Footfalls echo in the memory, Down the passage which we did not take, Towards the door we never opened, Into the rose-garden.
T.S. Eliot, Burnt Norton
There is scaffolding around the old church, placed in an obvious attempt to restore and renovate, to keep history alive, and God, too. It has nothing to do with history or religion, though. Not really. It’s all about keeping the city’s coffers full by increasing tourism. Ianto should know; he had received the memo in the TI office just a week or so ago.
Dusk is giving way to night and the way the light from his torch oscillates and dances with the shadows makes the silent churchyard seem even eerier than it would be in daylight.
Jack is kneeling by a pile of rubble, broken chips of brick and stone and mortar. They’d already retrieved the cylindrical piece of junk that had fallen through the rift (a piece of beat up carburetor from what Jack had insisted was a 2762 Mustang, though Ianto didn’t believe him – it was an indistinguishable bit of dented metal, as far as he was concerned), but Jack had wanted to be sure nothing else had slipped through. Still, Ianto can’t complain. It’s better than spelunking in the sewers of Cardiff, chasing after a hoard of rabid Weevils. That was how they had spent last night. Jack clearly needs to brush up on his dating etiquette.
Ianto can hear a delicate trickling of water to his left and, slightly curious, follows a path toward the church’s small rose garden. Not that anything is in bloom in the final fury of winter, and so he suspects the rose garden looks more like a slapdash conglomeration of dried leaves and brittle, brown stems. The thorns most likely remain. They always do.
The path is as old as the church, he suspects. Centuries ago, stonemasons or laborers paved these very walkways with bricks of granite. They took great care to arrange each piece as expertly as possible, creating perfectly-spaced, even rows. Then time progressed and eroded those very bricks until they looked more ovular than rectangular. They pulled away from each other, too, as the earth shifted and weeds grew up between the spaces and cracked the granite. What was once a smooth, pleasant walking surface has become rugged terrain.
Ianto thinks Jack’s heart must be a lot like this. Once it had been like bare earth, untouched, natural and beautiful. Civilization then made its mark and for the sake of development and survival, stone had been applied. But like all things, time wore down the work and the earth was once more defenseless.
His heels clack hollowly, softly, against the harsh surface. He likes to think that, perhaps, this is like Jack’s heart, too. That his footsteps resound, echo, and leave some sort of quantifiable mark even if, as sound often does, it quickly fades away.
He comes upon a small stream that runs across the path. It is narrow, just one long stride, or a hearty leap, required for passage. There was talk in that memo he had received about adding a pretty footbridge in the Renaissance style, but Ianto prefers the simple stretch of his legs as he crosses. Even from this distance, even with the low stone wall absorbing some of the sound, he can hear the shifting and scraping of Jack working through his pile.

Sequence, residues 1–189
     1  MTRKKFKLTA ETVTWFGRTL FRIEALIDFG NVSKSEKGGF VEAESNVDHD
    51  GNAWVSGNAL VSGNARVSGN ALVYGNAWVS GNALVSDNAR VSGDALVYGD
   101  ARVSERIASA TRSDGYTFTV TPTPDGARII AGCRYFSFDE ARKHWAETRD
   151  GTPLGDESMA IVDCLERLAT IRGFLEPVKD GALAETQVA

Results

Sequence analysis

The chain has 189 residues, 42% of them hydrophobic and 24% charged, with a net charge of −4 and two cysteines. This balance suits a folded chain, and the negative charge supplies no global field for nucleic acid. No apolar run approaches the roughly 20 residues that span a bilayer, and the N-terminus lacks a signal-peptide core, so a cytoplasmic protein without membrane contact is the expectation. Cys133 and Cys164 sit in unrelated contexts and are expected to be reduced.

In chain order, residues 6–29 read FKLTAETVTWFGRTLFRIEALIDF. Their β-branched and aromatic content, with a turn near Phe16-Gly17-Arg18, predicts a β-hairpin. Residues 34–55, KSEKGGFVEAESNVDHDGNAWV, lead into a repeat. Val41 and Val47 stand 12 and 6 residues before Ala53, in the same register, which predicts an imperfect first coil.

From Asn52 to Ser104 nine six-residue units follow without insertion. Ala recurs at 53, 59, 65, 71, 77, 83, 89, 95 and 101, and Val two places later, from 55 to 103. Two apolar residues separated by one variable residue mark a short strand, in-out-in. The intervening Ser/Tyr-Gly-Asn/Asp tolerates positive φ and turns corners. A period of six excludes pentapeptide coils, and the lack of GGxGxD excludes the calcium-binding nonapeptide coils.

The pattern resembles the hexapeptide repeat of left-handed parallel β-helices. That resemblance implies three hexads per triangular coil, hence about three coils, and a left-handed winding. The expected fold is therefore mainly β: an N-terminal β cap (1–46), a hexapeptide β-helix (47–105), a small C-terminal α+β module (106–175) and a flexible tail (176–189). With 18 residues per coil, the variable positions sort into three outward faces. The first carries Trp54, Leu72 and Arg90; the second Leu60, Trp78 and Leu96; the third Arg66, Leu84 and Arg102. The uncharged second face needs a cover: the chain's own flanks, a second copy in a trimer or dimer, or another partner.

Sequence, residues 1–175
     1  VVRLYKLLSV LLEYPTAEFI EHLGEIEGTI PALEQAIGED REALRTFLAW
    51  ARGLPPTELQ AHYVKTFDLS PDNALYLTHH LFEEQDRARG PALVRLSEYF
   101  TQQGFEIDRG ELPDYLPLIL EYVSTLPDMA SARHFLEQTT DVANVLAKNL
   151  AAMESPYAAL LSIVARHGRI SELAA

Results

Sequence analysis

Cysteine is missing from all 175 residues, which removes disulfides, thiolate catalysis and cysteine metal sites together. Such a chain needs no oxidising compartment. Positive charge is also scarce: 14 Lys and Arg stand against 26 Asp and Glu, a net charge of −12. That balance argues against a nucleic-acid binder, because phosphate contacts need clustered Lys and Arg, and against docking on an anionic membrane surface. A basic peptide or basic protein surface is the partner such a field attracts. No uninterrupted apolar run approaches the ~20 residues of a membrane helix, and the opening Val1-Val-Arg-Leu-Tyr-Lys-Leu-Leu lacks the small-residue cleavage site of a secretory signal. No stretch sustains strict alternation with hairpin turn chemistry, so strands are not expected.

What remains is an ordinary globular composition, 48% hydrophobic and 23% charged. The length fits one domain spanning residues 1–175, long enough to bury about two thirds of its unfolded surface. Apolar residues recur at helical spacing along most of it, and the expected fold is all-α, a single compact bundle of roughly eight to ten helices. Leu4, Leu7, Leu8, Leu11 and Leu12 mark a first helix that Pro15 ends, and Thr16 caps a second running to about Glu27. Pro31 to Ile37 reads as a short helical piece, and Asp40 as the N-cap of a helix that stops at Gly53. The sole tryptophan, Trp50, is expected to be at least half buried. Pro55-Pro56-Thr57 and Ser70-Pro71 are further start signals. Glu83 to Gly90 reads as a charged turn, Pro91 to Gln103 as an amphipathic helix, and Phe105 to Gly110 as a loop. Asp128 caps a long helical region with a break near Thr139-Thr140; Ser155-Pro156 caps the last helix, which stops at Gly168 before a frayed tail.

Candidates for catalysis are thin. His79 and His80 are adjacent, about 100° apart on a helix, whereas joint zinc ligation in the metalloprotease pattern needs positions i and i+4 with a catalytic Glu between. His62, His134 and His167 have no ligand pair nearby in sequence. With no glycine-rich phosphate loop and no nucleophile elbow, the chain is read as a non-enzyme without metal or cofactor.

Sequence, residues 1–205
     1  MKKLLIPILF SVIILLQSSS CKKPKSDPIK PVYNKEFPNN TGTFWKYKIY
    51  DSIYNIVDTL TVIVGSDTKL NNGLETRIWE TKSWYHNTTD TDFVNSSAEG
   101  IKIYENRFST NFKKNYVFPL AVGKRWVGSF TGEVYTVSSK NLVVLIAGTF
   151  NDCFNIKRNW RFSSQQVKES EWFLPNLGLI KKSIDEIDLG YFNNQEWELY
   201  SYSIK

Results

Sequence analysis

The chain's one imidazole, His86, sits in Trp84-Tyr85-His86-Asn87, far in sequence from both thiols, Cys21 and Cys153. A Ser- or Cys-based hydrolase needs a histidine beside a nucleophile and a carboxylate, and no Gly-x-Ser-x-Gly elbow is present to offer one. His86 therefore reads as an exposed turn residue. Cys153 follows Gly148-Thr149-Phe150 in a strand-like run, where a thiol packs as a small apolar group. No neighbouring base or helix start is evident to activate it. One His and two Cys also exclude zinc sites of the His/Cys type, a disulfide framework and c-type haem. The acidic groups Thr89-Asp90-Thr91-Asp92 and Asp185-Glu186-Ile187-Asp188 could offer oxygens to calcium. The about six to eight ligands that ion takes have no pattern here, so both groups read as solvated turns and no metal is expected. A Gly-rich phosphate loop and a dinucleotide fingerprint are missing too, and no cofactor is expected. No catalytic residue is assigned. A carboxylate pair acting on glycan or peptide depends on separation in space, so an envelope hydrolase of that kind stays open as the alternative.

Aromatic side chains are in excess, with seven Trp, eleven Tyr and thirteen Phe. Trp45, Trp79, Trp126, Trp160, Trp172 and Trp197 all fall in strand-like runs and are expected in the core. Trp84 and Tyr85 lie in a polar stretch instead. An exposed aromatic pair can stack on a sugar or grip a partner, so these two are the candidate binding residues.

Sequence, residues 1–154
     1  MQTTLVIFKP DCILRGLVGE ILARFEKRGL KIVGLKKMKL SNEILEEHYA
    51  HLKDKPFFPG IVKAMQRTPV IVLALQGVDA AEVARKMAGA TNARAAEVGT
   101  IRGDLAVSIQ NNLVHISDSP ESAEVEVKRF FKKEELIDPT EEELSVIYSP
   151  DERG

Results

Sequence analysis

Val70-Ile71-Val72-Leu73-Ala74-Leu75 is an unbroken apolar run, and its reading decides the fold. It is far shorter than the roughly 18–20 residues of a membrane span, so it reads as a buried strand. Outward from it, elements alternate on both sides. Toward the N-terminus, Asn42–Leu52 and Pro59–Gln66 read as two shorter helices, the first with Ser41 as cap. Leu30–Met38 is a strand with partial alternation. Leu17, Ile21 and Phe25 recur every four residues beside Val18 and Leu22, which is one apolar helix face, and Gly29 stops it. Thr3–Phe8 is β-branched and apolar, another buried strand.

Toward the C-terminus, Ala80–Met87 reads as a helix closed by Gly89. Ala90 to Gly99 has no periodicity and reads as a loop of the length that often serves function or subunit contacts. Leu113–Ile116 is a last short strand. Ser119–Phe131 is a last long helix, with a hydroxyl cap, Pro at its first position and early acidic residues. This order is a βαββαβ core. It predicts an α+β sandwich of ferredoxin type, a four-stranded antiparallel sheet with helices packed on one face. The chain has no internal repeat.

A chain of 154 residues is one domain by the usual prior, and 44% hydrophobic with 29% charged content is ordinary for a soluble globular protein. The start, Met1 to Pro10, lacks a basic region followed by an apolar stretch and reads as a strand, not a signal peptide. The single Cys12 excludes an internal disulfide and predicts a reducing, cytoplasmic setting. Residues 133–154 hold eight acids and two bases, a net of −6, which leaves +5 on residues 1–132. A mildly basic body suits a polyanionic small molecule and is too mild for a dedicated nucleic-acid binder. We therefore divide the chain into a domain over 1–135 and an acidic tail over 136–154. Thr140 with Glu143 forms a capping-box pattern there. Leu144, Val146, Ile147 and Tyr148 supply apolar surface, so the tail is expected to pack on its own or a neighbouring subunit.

The garden is up ahead, little more than a few feet away, and Ianto approaches it cautiously. Strange things hide in rose gardens. Actually, in Cardiff, strange things hide everywhere. It pays to be diligent. A thorough sweep of his torch indicates that the only thing hiding is a squat stone bench that is covered in the debris of untended flora. He wipes a hand across the roughened surface, turns off his torch, and then sits.
He’d been up before Jack this morning. Well, more accurately, he had been awake before Jack had crawled back into bed for his customary hour and a half of sleep. The predawn morning bore no light into his room, but he could still see the outline of Jack’s pout as Ianto had squirmed out of bed.
“Sleep,” he whispered, leaning over to press his lips against an expanse of skin somewhere between Jack’s forehead and temple. “I won’t be far.”
Jack had been using him as a security blanket ever since they had lost Tosh and Owen and a little bit more of their sanity. Come to think of it, Jack had been using him as a security blanket since he came back from his…temporary leave of absence. Sabbatical. Hiatus. Momentary retirement. Whatever. In any case, Jack had grown more steadily dependent as the days increased and not just for things like sex or coffee or ad-hoc coat repair.
Ianto couldn’t even hide in the archives for more than two hours before either Gwen or Jack found a way to check on him. Gwen was slightly more circumspect, true, using her comm. to beg Ianto to make a coffee. Jack, in usual fashion, would either barrel in and press him up against a filing cabinet or creep into the shadows to watch him work.
No matter. Ianto wasn’t stupid. He knew what was happening. Hell, when Gwen had taken more than three hours at the station on a retrieval, he had sent her thinly-veiled text (something cheeky about Andy finally managing to sweep her off her feet) to verify that she was…well, still alive. Turns out it was just sweet, simple bureaucracy, of course. He found out later that Jack had called her to ask her to pick up Chinese on the way back, which wouldn’t have been so suspicious if he hadn’t watched Ianto order pizza just twenty minutes earlier.